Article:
The top was marked by a metal mushroom-like stake in the ground, and a old-fashioned milk bottle with paper and pencil in it was the summit logbook. I signed my name and leafed through the pages—it seemed like White Butte saw about one or two parties per week climb it, most of them people like me trying to get all the high points they could. If that many made their way to god-forsaken North Dakota, I could see that I was by no means unique in my quest.
I rested, took pictures, noticed that the north slope of the summit was eroding away and would soon claim the stake in the ground, and admired the expansive view of flatlands spread out map-like below me. Then I descended, again playing it by ear, since I could see my car, an orange dot on the fields below. However, I blundered into a steep, narrow fissure of a ravine that was full of chalky sand and jumbled rocks, very hard to get down from, probably because I couldn’t see it from above. When it rained, I’ll bet that large chunks of this butte just washed right away down this arroyo.

As I made my final descent from the butte I saw a man in a pickup truck was headed towards it, and he had stopped and got out to watch me approach as I made my way across the field from the butte’s base. When I got to him, his truck, and my car, I asked him if I had been trespassing or anything, but apparently he just wanted to talk to me. An old guy, also named Buzalsky, he was curious about my car, never having seen anything like it before, and he told me that I could have perhaps used another road through his farm instead of the grassy track I had used—however, there was now no safe way for my car to get to the farm road. He confirmed that he got a couple people a week checking out White Butte, and after another ten minutes of conversation I thanked him for letting people use his land, told him I hoped it rained for him (it was very gray and overcast out), and got in my car and headed back out over the grass to the dirt road.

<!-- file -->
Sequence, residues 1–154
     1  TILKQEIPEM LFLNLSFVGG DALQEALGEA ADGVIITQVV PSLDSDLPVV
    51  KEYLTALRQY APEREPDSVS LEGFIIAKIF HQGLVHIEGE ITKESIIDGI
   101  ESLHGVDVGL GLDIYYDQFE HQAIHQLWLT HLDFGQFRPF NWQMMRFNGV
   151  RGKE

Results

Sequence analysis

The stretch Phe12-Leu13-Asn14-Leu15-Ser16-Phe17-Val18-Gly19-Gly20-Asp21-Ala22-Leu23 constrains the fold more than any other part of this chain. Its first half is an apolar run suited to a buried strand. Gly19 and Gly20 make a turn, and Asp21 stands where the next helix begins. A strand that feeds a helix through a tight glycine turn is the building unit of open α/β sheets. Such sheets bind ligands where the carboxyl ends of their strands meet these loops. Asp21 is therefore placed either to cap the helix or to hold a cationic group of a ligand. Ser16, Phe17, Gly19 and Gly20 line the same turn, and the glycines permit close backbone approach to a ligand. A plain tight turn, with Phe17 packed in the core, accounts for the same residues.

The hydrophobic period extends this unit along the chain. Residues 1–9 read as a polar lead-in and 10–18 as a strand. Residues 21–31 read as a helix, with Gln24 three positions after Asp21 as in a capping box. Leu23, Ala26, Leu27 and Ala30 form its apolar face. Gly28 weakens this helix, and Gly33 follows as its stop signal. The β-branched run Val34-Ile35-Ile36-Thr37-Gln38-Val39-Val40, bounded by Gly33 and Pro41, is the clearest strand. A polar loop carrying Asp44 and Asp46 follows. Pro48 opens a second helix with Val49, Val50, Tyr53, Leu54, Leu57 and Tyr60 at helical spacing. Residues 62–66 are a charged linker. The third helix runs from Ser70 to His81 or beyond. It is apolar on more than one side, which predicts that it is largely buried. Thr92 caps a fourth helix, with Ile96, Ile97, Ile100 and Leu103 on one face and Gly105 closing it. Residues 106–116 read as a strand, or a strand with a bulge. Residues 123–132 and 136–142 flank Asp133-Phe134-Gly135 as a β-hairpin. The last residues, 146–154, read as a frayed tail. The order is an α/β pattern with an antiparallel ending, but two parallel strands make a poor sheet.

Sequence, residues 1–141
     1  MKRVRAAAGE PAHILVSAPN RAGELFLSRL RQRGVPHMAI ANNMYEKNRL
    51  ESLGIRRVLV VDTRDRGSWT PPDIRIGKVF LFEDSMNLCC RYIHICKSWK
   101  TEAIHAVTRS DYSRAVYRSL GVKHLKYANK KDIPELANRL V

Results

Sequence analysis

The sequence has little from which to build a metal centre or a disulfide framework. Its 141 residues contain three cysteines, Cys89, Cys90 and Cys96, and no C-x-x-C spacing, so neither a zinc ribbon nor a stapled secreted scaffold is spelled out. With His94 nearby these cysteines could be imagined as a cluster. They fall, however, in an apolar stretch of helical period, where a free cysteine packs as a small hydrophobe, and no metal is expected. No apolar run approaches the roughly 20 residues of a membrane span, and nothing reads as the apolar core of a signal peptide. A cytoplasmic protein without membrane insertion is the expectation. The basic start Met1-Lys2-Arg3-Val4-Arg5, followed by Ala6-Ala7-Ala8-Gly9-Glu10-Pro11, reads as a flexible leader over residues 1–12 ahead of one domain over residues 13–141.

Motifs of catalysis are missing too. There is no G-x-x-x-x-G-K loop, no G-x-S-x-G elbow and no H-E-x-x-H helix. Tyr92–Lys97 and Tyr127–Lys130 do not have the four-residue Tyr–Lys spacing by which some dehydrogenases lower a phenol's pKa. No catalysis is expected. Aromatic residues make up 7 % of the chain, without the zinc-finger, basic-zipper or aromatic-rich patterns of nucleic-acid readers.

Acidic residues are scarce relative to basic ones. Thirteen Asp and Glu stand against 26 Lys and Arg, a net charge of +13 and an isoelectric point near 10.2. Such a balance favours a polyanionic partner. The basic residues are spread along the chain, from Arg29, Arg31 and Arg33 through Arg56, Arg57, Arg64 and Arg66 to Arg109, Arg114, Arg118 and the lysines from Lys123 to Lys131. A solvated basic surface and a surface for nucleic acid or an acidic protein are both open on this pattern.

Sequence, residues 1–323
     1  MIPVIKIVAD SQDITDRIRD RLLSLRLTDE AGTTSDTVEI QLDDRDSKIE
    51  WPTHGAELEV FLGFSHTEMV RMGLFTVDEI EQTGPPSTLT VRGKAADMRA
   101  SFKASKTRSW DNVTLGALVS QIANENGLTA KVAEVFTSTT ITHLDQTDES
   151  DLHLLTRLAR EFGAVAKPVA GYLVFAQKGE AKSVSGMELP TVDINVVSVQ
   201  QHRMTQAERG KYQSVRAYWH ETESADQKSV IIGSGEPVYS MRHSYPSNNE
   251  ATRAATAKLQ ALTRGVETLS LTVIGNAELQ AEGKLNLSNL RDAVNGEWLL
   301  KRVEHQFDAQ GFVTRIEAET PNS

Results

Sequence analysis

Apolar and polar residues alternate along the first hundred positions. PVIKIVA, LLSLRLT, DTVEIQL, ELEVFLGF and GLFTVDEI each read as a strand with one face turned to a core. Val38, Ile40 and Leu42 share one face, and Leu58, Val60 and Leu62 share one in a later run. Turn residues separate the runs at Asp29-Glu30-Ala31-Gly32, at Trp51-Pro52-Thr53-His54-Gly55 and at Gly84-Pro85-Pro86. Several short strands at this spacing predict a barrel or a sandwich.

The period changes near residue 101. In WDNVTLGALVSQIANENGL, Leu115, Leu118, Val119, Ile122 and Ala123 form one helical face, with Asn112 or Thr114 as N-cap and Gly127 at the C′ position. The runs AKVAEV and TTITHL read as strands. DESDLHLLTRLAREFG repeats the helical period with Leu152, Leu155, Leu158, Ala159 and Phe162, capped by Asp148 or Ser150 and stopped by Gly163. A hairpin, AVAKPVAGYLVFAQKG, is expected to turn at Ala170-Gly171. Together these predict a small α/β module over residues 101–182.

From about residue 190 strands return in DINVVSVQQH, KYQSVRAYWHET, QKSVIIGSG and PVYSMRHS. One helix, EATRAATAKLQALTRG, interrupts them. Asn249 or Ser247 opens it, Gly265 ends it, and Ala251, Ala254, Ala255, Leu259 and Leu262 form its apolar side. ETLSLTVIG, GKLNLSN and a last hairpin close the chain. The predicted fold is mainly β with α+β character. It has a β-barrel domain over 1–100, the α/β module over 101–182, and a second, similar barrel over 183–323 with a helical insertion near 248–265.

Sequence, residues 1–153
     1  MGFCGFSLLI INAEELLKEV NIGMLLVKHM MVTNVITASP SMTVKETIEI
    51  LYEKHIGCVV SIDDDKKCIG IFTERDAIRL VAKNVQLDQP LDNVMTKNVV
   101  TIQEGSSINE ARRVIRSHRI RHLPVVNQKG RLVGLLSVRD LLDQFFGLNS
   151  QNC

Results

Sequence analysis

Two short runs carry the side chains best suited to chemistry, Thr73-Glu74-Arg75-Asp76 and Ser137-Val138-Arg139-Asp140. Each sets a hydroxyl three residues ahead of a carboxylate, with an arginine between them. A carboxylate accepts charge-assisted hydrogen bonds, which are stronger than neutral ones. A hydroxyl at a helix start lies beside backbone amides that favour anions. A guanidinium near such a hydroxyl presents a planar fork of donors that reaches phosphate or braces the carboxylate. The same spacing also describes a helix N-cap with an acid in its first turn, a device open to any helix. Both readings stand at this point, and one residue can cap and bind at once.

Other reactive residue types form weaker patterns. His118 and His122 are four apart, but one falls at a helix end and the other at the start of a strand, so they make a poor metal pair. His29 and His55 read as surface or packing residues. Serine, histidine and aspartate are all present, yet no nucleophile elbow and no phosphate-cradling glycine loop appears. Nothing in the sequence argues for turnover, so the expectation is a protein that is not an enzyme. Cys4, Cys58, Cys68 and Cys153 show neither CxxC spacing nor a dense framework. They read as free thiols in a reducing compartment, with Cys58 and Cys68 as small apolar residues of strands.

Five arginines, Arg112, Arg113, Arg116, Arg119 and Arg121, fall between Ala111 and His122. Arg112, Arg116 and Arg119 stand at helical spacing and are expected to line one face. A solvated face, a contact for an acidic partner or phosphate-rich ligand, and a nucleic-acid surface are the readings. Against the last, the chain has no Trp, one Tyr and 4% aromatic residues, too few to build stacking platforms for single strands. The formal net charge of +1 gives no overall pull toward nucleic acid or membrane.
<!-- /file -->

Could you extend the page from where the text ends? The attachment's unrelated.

I made it through the boggy depression in the grass, went east on the dirt road there for a mile, then turned left and sweated out about seven miles of obnoxious gravel pounding the underside of my car before reaching U.S. 85 again, right near Amidon, ND. As always, I was glad to leave the gravel behind and I floored it as I cruised up the nice, paved U.S. 85 toward I-94.

White Butte, North Dakota rises above cattle grazing lands (1989-05-13).
Summary Total Data
    Elevation Gain:376 ft / 114 m
    Trailhead:3130 ft / 954 m
    Grade/Class:1
    Route Conditions:
Unmaintained Trail, Open Country
GPS Data for Ascent/Trip


 GPS Waypoints - Hover or click to see name and lat/long
Peaks:  climbed and  unclimbed by Greg Slayden
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Note: GPS Tracks may not be accurate, and may not show the best route. Do not follow this route blindly. Conditions change frequently. Use of a GPS unit in the outdoors, even with a pre-loaded track, is no substitute for experience and good judgment. Peakbagger.com accepts NO resposibility or liability from use of this data.